Klobuchar proposes Minnesota model to track food-borne illness

Source of Article:  http://www.startribune.com/politics/national/congress/46382167.html?elr=KArks7PYDiaK7DUvDE7aL_V_BD77:DiiUiD3aPc:_Yyc:aUU

Her $20 million overhaul of the nation's system for detecting foodborne illness would be modeled on Minnesota's program, which relies on DNA testing and intensive, early questioning of people sickened by food.

Last update: May 28, 2009 - 12:48 PM

Sen. Amy Klobuchar today proposed a $20 million overhaul of the nation's system for detecting foodborne illness outbreaks, saying other states should model their disease-tracking efforts on Minnesota's successful program.

She proposed creating regional centers, possibly one in Minnesota, that would train and assist health officials in other states in using the advanced methods to trace illnesses to food sources. The Minnesota Health Department program relies on DNA testing and intensive, early questioning of people sickened by food.

Klobuchar, D-Minn., proposed legislation, which she said will be introduced soon, in response to the peanut butter-salmonella outbreak that sicked 714 people in 46 states and has been linked to nine deaths, three of them in Minnesota.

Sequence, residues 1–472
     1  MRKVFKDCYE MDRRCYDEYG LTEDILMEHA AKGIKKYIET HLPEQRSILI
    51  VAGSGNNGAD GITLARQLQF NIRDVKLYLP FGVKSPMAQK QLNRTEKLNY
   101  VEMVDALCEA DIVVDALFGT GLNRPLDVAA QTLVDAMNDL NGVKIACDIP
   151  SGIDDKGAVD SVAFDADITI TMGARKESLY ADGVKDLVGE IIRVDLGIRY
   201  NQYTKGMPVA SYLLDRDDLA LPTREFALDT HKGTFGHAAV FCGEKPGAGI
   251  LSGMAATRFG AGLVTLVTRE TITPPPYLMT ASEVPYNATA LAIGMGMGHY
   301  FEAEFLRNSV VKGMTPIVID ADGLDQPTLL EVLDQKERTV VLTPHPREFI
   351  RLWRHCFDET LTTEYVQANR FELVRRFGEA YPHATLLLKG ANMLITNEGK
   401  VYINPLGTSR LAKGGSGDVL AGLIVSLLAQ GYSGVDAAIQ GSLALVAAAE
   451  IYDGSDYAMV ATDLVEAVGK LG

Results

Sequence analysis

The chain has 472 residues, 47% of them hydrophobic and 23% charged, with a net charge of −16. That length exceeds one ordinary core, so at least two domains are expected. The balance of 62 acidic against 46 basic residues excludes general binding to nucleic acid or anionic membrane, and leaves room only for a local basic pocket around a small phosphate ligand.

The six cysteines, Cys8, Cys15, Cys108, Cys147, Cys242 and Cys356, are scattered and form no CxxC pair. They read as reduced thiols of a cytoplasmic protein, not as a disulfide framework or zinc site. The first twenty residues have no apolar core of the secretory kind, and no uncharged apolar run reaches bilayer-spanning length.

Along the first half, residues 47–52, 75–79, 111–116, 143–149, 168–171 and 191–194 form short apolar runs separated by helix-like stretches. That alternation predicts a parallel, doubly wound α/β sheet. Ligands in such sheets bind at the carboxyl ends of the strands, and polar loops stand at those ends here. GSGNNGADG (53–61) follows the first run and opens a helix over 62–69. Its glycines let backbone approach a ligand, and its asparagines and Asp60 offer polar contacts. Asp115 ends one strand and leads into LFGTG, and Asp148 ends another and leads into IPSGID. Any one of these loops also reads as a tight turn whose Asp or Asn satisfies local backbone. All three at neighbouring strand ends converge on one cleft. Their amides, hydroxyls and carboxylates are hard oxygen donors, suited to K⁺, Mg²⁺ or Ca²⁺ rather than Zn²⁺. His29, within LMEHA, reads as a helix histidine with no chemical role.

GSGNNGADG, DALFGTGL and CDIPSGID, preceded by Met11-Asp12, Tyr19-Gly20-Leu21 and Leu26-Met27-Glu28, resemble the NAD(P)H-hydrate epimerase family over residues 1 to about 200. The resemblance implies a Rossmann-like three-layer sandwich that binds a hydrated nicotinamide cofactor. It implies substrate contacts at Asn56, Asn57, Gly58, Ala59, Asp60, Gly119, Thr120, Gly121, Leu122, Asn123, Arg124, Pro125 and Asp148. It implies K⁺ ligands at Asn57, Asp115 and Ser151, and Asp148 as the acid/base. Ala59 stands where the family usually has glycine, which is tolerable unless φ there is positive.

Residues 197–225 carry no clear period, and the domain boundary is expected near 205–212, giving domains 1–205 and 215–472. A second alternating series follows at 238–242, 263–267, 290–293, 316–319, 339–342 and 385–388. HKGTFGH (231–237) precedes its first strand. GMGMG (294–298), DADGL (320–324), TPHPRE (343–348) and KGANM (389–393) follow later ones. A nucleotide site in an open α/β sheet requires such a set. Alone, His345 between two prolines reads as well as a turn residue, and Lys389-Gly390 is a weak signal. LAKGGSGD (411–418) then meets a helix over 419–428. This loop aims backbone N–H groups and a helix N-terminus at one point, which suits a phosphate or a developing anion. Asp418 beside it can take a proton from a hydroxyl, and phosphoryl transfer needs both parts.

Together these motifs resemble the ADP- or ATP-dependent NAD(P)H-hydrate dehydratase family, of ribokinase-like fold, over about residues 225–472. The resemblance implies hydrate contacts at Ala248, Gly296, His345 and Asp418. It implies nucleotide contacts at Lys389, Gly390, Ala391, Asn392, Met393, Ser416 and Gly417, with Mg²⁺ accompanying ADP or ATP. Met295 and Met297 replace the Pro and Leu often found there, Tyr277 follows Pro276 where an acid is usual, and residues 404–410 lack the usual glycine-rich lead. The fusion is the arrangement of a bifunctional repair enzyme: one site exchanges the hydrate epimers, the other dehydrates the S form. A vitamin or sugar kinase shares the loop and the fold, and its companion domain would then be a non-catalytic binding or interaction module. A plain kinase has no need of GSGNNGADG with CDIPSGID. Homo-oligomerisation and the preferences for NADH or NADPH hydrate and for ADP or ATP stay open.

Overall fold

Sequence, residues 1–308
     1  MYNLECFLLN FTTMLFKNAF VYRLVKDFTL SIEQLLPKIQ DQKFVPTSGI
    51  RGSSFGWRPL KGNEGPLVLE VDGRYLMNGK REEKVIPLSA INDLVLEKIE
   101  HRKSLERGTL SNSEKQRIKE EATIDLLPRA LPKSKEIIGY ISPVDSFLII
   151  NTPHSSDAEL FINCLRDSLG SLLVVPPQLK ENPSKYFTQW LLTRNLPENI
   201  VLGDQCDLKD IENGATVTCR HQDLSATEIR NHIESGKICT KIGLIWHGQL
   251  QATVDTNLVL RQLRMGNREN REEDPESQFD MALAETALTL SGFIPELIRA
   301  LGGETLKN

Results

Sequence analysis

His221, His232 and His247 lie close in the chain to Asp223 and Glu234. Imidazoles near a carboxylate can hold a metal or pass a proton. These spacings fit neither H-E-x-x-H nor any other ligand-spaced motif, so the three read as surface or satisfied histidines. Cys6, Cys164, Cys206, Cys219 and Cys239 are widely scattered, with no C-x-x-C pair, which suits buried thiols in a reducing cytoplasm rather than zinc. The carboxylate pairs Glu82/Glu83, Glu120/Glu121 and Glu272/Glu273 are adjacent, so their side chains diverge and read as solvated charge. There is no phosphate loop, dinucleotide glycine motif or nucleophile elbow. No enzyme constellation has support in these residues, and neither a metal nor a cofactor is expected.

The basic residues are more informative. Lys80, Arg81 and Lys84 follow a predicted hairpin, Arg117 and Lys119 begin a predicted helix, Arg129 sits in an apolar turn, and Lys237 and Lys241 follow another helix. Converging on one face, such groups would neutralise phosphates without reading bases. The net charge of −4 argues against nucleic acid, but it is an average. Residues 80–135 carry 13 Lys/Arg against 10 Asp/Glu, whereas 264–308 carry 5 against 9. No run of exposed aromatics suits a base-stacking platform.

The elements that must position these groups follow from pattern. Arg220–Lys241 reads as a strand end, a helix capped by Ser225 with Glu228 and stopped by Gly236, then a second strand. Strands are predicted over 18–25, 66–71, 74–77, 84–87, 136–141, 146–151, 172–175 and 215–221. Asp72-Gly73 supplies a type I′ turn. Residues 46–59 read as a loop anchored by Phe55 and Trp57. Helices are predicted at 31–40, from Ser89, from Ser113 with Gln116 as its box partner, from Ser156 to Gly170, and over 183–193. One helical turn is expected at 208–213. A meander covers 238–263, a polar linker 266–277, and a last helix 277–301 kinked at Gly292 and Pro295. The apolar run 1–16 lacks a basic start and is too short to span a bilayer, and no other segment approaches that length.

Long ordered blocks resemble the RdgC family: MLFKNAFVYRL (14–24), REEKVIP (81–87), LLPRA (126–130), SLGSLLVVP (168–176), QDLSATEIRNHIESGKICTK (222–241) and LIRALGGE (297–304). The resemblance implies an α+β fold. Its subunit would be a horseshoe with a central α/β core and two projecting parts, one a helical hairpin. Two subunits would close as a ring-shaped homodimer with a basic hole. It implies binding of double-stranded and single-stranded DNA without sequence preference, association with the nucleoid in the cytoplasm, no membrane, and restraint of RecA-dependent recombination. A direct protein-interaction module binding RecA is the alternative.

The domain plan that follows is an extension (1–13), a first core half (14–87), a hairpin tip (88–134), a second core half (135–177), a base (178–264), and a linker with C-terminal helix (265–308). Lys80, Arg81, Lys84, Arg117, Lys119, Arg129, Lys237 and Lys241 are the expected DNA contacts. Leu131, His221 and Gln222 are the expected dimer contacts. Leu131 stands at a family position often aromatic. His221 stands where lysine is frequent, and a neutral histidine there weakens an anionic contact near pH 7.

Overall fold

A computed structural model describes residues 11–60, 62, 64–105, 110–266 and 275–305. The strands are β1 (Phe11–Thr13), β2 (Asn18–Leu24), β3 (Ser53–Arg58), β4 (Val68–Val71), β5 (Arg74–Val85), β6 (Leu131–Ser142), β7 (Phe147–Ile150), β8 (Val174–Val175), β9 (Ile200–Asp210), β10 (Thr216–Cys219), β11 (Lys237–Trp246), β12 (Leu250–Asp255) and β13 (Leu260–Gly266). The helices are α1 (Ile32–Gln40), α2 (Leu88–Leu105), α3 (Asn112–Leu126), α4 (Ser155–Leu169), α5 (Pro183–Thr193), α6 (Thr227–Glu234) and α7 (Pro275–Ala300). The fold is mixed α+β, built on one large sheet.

Minnesota investigators in January traced the salmonella to a Georgia peanut processor. More than 3,900 products containing suspect peanut ingredients from the processor have since been recalled and the company went out of business.

Klobuchar said her bill may be folded into another food safety measure she and other senators introduced earlier this year.

According to the summary of the bill, it aims to improve coordination of foodborne illness tracking, develop better tracking tools, expand the use of existing methods and promote shared registries for long-term follow-up of diseases.

She made the announcement at the University of Minnesota, flanked by Prof. Mike Osterholm, director of the university Center for Infectious Disease Research and Policy, Prof. Craig Hedberg of the School of Public Health, and Carlota Medus, an epidemiologist who leads outbreak investigations at the state Health Department.

 

 

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